Ottawa summit to put Reagan on the spot
President Reagan's renowned persuasive charm will be on trial as never before as the economic summit meeting convenes July 19 in a secluded, log-walled resort hotel 60 miles east of Canada's capital city.
In keeping with the quiet setting, this year's meeting of leaders of the seven major industrial democracies has been billed as mainly a get-acquainted session. But it is shaping up more as a test of Mr. Reagan's ability to sell US economic policies to an increasingly skeptical world.
The damage Mr. Reagan's high interest rates are causing in Europe will be a prime concern as the leaders sit down Sunday for a private dinner at the Chateau Montebello along the Ottawa River in Quebec Province.
There is hope that the meetings, to be held July 19-21 in Montebello and in Ottawa, will offer an occasion for Mr. Reagan to reassure summit participants about the course of US economic policies.
"We're trusting you, but when do you think it's going to work?" was how Canadian Prime Minister Pierre Trudeau, the conference host, recently summed up his government's attitude.
Many of the participating nations at this seventh annual gathering of the Western allies and Japan to discuss economic problems have new heads of state since last year's meeting in Venice.
In addition to Mr. Reagan, other first-time participants are Prime Minister Zenko Suzuki of Japan, President Francois Mitterrand of France, and Italy's new prime minister, Giovanni Spadolini.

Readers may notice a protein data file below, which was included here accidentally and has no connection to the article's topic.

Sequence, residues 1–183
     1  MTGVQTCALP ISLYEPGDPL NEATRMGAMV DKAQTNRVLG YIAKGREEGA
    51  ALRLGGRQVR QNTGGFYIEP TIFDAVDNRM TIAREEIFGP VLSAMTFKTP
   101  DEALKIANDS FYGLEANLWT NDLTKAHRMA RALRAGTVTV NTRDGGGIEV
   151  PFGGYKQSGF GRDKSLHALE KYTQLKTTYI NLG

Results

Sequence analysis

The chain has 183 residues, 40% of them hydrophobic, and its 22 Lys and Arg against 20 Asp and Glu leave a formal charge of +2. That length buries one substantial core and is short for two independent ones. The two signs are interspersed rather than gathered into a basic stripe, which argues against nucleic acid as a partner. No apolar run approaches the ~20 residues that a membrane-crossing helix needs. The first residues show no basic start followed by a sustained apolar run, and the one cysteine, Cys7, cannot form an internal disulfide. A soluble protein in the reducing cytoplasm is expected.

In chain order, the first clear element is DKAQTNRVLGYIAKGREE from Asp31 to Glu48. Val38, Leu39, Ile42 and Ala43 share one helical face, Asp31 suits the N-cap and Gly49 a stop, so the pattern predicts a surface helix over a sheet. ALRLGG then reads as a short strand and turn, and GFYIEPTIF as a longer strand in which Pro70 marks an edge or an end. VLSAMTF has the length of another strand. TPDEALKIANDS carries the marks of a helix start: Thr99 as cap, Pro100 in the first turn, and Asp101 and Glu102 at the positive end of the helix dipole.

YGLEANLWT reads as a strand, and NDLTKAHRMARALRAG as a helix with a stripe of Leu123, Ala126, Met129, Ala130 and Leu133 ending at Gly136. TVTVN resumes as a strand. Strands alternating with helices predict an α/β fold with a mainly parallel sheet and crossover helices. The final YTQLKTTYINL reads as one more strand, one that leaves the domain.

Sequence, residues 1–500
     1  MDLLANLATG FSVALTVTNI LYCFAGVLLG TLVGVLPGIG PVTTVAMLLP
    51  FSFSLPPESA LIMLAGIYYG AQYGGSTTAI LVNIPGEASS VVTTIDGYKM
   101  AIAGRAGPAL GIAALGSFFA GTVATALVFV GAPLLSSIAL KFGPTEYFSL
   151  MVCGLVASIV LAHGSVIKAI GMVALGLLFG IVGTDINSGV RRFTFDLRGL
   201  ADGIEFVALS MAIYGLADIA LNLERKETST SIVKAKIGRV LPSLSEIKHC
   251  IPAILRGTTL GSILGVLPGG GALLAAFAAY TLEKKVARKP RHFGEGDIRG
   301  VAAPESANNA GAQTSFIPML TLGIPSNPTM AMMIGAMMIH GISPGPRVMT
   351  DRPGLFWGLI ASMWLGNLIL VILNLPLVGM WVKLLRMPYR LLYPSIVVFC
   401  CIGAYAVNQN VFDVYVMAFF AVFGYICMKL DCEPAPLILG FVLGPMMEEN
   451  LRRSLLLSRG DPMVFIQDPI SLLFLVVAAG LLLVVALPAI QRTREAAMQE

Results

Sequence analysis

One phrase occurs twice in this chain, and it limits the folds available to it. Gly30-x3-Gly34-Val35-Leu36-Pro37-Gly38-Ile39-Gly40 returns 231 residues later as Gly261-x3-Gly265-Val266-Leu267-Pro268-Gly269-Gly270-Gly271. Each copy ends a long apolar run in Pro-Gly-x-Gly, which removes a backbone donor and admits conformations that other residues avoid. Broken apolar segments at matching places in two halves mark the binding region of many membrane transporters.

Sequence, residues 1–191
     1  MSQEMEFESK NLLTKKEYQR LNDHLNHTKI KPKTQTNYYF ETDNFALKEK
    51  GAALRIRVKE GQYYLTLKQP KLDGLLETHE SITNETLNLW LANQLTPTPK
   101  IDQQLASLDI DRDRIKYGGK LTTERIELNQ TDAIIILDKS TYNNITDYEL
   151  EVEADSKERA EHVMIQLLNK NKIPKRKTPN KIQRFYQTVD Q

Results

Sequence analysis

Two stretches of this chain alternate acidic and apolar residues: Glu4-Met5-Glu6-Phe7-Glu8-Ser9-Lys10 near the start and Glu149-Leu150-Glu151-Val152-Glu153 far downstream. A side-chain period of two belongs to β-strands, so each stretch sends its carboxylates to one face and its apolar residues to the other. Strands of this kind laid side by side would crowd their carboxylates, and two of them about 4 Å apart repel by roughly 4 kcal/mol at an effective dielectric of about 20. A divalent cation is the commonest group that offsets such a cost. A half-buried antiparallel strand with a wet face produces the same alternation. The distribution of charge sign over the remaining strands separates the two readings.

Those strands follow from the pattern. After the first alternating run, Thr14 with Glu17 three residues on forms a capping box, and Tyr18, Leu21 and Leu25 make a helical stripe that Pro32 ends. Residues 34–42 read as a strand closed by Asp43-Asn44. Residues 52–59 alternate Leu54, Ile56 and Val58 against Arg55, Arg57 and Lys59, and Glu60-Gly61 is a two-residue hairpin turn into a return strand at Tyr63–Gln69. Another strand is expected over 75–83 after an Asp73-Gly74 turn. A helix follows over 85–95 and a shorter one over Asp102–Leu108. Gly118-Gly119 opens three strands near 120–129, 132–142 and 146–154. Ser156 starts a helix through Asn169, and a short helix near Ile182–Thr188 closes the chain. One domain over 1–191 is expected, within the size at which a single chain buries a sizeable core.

Those with experience are Mr. Trudeau, Chancellor Helmut Schmidt of West Germany, and Prime Minister Margaret Thatcher of Britain.
With all these new faces around the table, a simple exchange of views has become an end in itself at Montebello. Six or seven hours have been set aside for talks with only the leaders and their interpreters present.
"I think a great deal of time will be spent in getting to really understand the unstated major objectives of the major participants," Mr. Trudeau explained.
The traditional goal of these meetings -- to show the world a unified front on economic issues -- may prove more trying than usual.
The major European countries are expected to press Mr. Reagan closely on his interest rate policy, which they blame for weakening the value of European currencies and slowing economic recovery in Western industrialized countries.